Tuesday, March 8, 2011

The Milieu Story

**The ideas here come from Orson Scott Card in How to Write Science Fiction and Fantasy. This is my take on them.**

The milieu story is about the setting. It's the world surrounding your character, the weather, the family, the society, the pantheon. Everything you bring out during world building. These stories are often about travellers stuck in a distant land. Can the character return home safely? Will he choose to live in this new place?

A lot of fantasy is in this category. Any story about a character going through a portal and discovering a wild, strange land is a milieu story. Say hi to Alice in Wonderland, everyone. Unless I'm mistaken, Narnia also falls into this category.

If your main concern is the discovery of a world (through a series of other events, of course), then you are writing a milieu story. Chances are, your POV character is the stranger, who'll experience the wonders of your setting at the same time as your reader.

Other examples given by Orson Scott Cards are Gulliver's Travels and Shogun.

My original ideas for Edingher were of a milieu story. Most of the plotline happened at sea or on a small archipelago, whose culture and magic differed from everything the MC had seen before. There is still some of this discovery plotline in Edingher, but it now serves another type of story.

I'm curious, is anyone writing a milieu story? Can you think of any others?


  1. Hmmm, interesting. I could actually interpret both of my most recent projects as milieu stories, but from a bit of a strange angle. In one case, the character is discovering there is a great deal about the world around her that has always been hidden from her and now the blinders are off and she has to learn to navigate through a new culture and through places that hold different significance than they once did. The other character is coming home to find it drastically changed. In learning about the place and people (or creatures) there now, she also learns it hasn't changed as much as she thought. Some of what she is now seeing has always been there. Hmm, I see a common theme.

    1. Both are excellent variations on the milieu story structure. They hold to the familiar path, but also enlighten in ways that are relevant to the reader, offers nuggets of wisdom that the reader can pocket along the way and put to use in the real world.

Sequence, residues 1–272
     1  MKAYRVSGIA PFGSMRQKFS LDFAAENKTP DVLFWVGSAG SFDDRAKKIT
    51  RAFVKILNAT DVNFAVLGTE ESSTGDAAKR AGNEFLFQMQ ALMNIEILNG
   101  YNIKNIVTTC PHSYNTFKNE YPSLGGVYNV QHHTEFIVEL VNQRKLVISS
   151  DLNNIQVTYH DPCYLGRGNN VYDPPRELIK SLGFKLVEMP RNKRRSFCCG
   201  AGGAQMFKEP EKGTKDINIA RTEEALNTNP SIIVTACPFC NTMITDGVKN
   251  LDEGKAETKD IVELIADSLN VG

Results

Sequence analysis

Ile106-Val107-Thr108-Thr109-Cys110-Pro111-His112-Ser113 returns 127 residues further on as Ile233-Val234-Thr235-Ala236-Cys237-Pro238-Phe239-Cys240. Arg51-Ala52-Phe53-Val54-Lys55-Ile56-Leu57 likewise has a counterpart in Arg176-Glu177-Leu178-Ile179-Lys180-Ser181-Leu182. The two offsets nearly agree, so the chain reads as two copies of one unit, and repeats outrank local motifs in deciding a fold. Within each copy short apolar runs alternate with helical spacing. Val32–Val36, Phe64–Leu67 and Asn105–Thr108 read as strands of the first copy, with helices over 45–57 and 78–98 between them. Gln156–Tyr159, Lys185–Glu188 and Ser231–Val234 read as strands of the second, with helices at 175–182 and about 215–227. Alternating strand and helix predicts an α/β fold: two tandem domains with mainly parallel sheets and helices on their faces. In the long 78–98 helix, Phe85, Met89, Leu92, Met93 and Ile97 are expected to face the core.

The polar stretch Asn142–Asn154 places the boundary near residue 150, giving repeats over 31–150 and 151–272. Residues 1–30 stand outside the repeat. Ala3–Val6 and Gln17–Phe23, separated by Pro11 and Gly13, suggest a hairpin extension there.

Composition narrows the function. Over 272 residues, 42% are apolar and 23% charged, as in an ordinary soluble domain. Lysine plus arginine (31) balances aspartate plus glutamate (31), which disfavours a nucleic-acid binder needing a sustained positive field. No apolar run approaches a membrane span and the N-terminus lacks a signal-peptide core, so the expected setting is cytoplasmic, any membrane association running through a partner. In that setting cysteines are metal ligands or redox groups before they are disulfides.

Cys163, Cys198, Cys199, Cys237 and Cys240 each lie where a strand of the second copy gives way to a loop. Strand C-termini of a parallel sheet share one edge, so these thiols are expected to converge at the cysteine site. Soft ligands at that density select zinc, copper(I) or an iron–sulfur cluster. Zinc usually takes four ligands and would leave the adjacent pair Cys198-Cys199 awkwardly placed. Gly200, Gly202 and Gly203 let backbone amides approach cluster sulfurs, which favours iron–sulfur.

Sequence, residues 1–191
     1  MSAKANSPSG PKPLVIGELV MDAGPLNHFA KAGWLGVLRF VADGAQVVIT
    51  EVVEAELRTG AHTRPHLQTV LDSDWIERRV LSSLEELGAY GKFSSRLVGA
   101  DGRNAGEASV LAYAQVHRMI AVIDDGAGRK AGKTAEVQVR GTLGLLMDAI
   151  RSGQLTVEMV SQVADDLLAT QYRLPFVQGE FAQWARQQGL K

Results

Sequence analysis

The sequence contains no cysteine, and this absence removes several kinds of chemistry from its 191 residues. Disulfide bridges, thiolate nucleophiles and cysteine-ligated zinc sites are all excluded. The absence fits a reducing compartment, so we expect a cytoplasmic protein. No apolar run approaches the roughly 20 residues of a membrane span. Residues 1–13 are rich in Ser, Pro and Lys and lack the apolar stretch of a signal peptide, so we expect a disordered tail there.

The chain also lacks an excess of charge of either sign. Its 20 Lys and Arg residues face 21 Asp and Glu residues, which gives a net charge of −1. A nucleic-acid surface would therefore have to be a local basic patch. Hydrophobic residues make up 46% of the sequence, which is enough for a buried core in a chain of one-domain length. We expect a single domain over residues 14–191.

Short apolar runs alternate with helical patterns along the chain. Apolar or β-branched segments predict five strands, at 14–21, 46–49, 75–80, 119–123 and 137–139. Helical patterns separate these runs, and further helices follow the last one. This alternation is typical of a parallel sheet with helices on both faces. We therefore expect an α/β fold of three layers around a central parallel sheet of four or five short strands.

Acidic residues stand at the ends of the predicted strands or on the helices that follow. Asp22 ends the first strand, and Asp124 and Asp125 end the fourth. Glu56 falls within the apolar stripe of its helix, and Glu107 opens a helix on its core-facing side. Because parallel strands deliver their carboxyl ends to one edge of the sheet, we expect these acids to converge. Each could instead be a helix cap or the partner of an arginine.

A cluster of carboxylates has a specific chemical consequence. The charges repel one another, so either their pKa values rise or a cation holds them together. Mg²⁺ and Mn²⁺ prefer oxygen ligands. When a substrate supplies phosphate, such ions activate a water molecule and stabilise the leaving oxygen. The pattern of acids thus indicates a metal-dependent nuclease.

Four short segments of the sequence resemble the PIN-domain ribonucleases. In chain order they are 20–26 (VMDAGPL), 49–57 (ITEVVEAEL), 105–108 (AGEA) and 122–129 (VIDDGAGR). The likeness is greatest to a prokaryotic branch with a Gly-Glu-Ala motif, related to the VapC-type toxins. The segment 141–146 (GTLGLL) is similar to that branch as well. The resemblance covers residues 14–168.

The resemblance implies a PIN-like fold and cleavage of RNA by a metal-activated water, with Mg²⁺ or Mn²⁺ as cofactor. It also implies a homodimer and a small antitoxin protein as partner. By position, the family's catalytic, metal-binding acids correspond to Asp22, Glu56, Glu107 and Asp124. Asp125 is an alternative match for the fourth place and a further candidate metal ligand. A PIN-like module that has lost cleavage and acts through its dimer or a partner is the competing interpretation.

2. I am writing one but I never thought of it as a Milieu Story. My characters are forced out of the protected city they had been living in into "The Wilds" (hence the title of my book). In this sense it is also a travel story as the point is to get from A (their previous home) to point B (a hopeful new home). The conflicts that raise to knot up the progression is at the heart of the story, but a part of that heart is discovery of the world and the path and how the path ultimately changes the characters before they can reach the final end point.

    I'm glad to know there is a name for the type of story I am writing. Thank you!!

  3. Oh! I'm about to embark on a Milieu Story, although I never really thought of it that way. Cool. I'm actually doing an alternating POV, where each one is a fish out of water. :)

  4. Wow, I never thought so many of you would have a Milieu story. Glad all of this is helpful. :)

    I'm a big worldbuilding and setting fan, so there's always something of the milieu story in my novels, but it's never been predominant. It's great to know the three of you are giving it its rightful place!

  5. Mine may be, but with an odd twist -- the characters that arrive on the world are dumbfounded not by how strange the planet is but rather by how similar it is to Earth. Since they know evolution shouldn't work that way, they are at a loss as to how it happened.

  6. Never thought a particular type of story would have it's own name. A few years ago I got an idea that is a milieu story. It starts out in a fantasy world and the characters find a portal to another fantasy world. It's actually a really good story idea that I think I may come back to one day.

    Anyway's! That's one, and a story I'm working on right now, The Journalist, is probably a milieu story too. That's all that comes to mind at the moment.

  7. Ted: Unless I'm mistaken, the Shard doesn't start with the discovery of this planet, right? I'd think you follow another story structure but have a strong emphasis on setting. Which in my mind is obviously great, as we're writing fantasy and the world plays an incredibly important part whether or not it is what the story is about.

    BookOwl: Yep, changing world is a typical milieu story, especially if the characters are trying to return to their original setting.